Here we take out all the technical language and make our research accessible to non-scientists. In a series of videos we aim to describe what we do and why it is significant, while sticking to language that anyone can understand. Still have questions? Click the button below to ask us!
Video from the University of Manchester Fly Facility explaining why using flies for science is such a good idea.
The Manchester Fly Facility video explaining the cool breakthroughs made in science using flies.
The really surprising thing about fly brains and human brains is not how different they are, but how remarkably similar they are. Obviously a human brain is much larger and more complex, but the cells they are made of work in almost exactly the same way. But while a human brain is made of billions of nerve cells, a fly brain is only around ten thousand. This means it is much more manageable to study and understand. Even then, trying to study what happens in one or two nerve cells is very tricky, so we use different nerves that we can look at individually. These are the nerves that are attached to the muscles in the fly body. We can see these easily on the microscope, and use electrodes to make them grow new connections, or synapses, that are almost exactly like those in the brain that form long-term memories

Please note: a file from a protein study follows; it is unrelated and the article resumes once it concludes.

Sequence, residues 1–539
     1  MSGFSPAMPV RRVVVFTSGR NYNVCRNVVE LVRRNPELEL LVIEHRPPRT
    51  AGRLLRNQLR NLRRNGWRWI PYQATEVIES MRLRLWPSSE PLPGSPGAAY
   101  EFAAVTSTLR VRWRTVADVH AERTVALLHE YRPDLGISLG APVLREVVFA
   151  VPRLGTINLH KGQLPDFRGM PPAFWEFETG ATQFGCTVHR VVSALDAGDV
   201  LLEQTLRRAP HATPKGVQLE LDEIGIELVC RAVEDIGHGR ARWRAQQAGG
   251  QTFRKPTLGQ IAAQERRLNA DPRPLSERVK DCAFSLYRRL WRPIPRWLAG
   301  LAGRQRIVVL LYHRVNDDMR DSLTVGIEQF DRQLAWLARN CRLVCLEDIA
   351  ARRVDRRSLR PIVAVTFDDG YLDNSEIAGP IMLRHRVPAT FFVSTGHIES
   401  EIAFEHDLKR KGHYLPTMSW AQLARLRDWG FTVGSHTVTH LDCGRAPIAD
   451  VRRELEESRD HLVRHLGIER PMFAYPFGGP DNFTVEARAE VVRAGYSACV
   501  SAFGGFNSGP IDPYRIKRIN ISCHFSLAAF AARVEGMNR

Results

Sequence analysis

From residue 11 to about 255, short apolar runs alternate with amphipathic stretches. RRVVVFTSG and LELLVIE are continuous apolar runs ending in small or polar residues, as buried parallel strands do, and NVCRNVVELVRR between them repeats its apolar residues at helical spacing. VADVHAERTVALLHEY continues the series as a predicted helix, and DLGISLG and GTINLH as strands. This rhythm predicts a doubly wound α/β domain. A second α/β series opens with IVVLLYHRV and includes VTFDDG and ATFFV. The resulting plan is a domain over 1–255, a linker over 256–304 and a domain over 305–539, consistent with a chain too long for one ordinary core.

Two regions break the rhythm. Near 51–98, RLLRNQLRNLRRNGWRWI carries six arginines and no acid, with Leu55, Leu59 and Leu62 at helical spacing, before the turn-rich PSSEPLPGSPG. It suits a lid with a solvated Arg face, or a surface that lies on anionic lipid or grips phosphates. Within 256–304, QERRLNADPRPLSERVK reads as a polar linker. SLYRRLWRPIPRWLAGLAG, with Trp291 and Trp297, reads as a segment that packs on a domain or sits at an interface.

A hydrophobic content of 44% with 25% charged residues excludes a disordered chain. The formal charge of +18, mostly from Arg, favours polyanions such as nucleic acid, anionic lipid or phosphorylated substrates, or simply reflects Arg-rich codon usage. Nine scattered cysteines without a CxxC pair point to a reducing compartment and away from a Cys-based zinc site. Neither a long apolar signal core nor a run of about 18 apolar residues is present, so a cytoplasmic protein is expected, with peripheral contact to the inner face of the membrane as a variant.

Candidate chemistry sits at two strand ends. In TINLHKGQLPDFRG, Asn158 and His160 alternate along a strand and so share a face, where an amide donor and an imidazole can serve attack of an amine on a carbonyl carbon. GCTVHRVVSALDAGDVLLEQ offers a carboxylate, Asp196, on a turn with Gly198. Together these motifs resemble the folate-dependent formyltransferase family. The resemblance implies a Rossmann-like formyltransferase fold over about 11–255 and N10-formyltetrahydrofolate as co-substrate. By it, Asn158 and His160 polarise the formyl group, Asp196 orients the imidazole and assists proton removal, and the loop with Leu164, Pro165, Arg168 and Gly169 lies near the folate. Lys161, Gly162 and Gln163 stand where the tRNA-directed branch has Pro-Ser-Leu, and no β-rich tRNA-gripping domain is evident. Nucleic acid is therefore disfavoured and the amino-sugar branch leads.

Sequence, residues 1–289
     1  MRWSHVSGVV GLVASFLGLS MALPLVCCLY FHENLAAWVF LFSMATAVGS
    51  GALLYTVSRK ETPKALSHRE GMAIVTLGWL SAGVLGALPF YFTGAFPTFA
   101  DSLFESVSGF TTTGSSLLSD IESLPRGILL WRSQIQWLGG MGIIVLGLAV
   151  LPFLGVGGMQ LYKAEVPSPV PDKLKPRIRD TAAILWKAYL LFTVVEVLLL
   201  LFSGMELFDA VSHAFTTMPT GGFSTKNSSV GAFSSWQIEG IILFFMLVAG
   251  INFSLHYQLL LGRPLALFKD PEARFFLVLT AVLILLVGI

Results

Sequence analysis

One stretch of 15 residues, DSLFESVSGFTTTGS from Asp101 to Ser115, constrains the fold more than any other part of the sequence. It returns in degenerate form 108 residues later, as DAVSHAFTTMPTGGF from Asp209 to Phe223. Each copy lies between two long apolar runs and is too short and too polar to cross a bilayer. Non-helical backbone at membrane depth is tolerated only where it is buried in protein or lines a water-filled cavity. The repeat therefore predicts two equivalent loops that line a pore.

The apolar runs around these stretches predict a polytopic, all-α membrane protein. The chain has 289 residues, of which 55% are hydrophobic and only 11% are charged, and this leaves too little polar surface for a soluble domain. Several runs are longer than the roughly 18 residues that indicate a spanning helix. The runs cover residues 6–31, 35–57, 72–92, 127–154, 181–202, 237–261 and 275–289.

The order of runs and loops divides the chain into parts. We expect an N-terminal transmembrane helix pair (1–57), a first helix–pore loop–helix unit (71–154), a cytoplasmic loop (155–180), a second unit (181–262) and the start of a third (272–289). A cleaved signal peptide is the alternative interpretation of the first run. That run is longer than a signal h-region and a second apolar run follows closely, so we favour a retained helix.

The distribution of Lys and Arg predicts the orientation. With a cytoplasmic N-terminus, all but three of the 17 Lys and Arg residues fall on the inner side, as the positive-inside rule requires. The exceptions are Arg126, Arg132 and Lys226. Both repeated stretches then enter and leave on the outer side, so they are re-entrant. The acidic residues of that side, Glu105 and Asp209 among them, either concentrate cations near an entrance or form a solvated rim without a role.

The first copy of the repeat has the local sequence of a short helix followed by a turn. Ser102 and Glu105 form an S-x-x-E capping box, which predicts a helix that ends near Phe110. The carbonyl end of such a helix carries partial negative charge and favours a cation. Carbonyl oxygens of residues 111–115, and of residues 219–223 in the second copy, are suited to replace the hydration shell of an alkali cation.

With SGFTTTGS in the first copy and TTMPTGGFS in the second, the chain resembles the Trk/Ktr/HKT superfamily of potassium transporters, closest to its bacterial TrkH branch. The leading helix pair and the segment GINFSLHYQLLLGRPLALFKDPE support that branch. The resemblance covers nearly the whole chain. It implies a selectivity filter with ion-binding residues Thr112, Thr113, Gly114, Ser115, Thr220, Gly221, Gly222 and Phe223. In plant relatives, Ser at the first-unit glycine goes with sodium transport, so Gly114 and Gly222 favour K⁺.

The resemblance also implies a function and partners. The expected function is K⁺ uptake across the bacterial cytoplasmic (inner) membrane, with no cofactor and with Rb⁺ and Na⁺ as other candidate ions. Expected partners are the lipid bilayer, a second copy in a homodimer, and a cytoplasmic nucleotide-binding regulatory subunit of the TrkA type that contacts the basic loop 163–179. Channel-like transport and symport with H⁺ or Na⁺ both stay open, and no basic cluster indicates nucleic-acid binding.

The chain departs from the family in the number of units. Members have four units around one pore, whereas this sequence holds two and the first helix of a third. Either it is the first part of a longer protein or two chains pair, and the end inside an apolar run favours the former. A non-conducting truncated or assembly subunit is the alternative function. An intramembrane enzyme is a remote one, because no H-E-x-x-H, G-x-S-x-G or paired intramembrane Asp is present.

In the Davis Lab we are world leaders at using microscopes to answer questions about biology. We develop and improve imaging techniques, build new microscopes and design new software to assess and understand what those images mean. For more information on our microscope work, click the link below.
In our lab we are interested in RNA and how it helps shape and control the function of brains, memory formation and virus infections. But what is RNA exactly? And how does it have such a big impact on so many things in life?